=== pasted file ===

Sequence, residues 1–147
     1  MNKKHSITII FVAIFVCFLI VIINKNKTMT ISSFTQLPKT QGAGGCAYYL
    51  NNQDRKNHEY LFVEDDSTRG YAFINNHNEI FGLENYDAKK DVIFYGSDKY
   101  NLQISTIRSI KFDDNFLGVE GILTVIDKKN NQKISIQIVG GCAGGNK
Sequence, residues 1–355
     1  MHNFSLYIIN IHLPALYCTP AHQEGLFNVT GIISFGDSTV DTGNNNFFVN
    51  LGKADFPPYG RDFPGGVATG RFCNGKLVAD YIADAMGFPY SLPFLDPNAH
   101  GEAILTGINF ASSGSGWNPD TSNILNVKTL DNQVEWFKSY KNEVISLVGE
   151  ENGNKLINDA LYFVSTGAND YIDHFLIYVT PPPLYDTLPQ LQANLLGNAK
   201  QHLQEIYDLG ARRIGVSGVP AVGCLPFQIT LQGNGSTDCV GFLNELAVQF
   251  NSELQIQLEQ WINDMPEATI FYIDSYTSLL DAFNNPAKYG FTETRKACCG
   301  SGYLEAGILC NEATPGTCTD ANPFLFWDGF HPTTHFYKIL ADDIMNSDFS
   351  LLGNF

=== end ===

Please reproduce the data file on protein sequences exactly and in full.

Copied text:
Sequence, residues 1–147
     1  MNKKHSITII FVAIFVCFLI VIINKNKTMT ISSFTQLPKT QGAGGCAYYL
    51  NNQDRKNHEY LFVEDDSTRG YAFINNHNEI FGLENYDAKK DVIFYGSDKY
   101  NLQISTIRSI KFDDNFLGVE GILTVIDKKN NQKISIQIVG GCAGGNK
Sequence, residues 1–355
     1  MHNFSLYIIN IHLPALYCTP AHQEGLFNVT GIISFGDSTV DTGNNNFFVN
    51  LGKADFPPYG RDFPGGVATG RFCNGKLVAD YIADAMGFPY SLPFLDPNAH
   101  GEAILTGINF ASSGSGWNPD TSNILNVKTL DNQVEWFKSY KNEVISLVGE
   151  ENGNKLINDA LYFVSTGAND YIDHFLIYVT PPPLYDTLPQ LQANLLGNAK
   201  QHLQEIYDLG ARRIGVSGVP AVGCLPFQIT LQGNGSTDCV GFLNELAVQF
   251  NSELQIQLEQ WINDMPEATI FYIDSYTSLL DAFNNPAKYG FTETRKACCG
   301  SGYLEAGILC NEATPGTCTD ANPFLFWDGF HPTTHFYKIL ADDIMNSDFS
   351  LLGNF